Aggressively promoting employee retention loans could trigger improper claims
We heard the radio commercial. We saw the tweets. Many small business owners and others have even been inundated with spam calls about how employee loyalty credit — worth up to $26,000 per employee — can be a game changer.
If you’re hungry for cash, imagine this tax break can work for anyone who’s been forced to keep working during the pandemic. Pretty good deal.
But that can’t be real, can it?
Yes, if it sounds crazy, it probably is – and you could lose a lot of money doing it.
One problem with chasing the big bucks promoted in a tweet or radio ad is that you end up spending big bucks in the form of upfront payments to quick talkers who aren’t telling you the real deal. And you could get in trouble with the Internal Revenue Service.
If you take out the loan when you shouldn’t, you may have to pay it back – plus interest and penalties. Some small businesses could end up owing hundreds of thousands of dollars or more if they file an improper claim.
The IRS again warns that some outside companies are aggressively marketing tax credit programs on radio and social media. Worse, people might argue with their tax experts about why they’re suddenly earning those credits when they’re not actually doing it.
The IRS stated, “Tax professionals are finding they continue to be pressured by people who want to take credit improperly.”
What is the employee loyalty loan?
It is a refundable tax credit for businesses that continued to pay employees while the business was closed during the COVID-19 pandemic or experienced a significant drop in gross receipts from March 13, 2020 to December 31, 2021.
For 2020, qualifying employers could claim up to 50% of $10,000 in qualifying wages or health plan expenses per employee—or a maximum of $5,000 per employee.
For 2021, up to 70% of these expenses could be claimed up to $10,000, for a maximum of $7,000 per employee.
The credit is valid for the last three quarters of 2020 and the first three quarters of 2021.
Combine the two years and you could be paid up to $26,000 per employee, as advertised.
More:Is the IRS really texting you? No, it’s one of many tax scams.
More:There’s no secret way to get free money or a big refund, the IRS warns
More:Michigan property tax bills will rise in 2023 thanks to inflation
Why it doesn’t work for many
Key word: company. Upfront, you need to know that this credit is not for individual employees. It’s a credit available to a business, not to all taxpayers.
As with many tax regulations, especially those created to provide relief in the context of pandemics, we are talking about complex regulations here.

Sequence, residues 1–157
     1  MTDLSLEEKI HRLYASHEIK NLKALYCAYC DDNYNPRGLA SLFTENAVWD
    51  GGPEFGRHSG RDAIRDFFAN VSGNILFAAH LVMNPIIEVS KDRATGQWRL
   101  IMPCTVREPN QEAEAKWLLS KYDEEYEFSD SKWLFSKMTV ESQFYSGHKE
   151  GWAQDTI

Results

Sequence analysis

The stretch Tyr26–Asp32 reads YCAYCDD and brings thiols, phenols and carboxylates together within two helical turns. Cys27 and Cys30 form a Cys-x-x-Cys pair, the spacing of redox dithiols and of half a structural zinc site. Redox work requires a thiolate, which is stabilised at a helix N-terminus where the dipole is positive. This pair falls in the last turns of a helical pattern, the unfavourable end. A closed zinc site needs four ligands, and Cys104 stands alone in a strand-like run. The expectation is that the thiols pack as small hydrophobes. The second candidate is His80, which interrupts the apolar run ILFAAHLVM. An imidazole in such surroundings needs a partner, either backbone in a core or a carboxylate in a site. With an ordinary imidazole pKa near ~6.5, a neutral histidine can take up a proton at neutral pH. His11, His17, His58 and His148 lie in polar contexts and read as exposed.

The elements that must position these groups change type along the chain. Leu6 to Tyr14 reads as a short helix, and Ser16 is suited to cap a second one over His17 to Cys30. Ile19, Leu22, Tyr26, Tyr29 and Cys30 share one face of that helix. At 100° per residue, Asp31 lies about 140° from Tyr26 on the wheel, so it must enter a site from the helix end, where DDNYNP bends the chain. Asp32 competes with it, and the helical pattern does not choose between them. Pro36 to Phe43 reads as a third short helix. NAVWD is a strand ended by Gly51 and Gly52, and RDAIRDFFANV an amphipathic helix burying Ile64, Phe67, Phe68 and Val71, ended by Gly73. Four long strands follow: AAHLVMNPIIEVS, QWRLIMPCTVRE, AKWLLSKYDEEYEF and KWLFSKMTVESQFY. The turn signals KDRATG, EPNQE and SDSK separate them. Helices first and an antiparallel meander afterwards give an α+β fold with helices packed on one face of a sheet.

For example, the IRS notes that eligible employers cannot claim the withholding credit on wages that have already been reported as a wage expense to receive loan forgiveness under the Paycheck Protection Program or that have been used to claim other credits.
Jon Williamson, senior manager for tax policy and advocacy at the American Institute of Certified Public Accountants, said there are many gray areas when it comes to actually qualifying for the loan. Some lending and incentive firms, he said, use a very loose definition of tax credit terms and requirements to make it seem like more companies qualify when they don’t.
For operations in 2022 and beyond, the pandemic related loan will no longer be offered. However, ongoing ads are causing some companies to revise their previous returns for 2020 or 2021 to take advantage of the generous credit in the CARES Act.
The Coronavirus Aid, Relief, and Economic Security Act, enacted March 27, 2020, provided an employee retention tax credit to encourage eligible employers to keep employees on their payrolls despite tough economic conditions.
Many companies have already taken out the loan. But outside firms continue to push the possibility in radio advertising and social media as an option for others.
“There’s been a non-stop barrage of ads claiming that if you pay employees during the pandemic, these funds are available,” Williamson said.
The ads seem to suggest that the loan is a safe bet, although that’s not the case.
There are two separate and distinct tests, he said. One is to see if gross receipts have gone down over this period, including sales; the other looks at the impact of a government shutdown.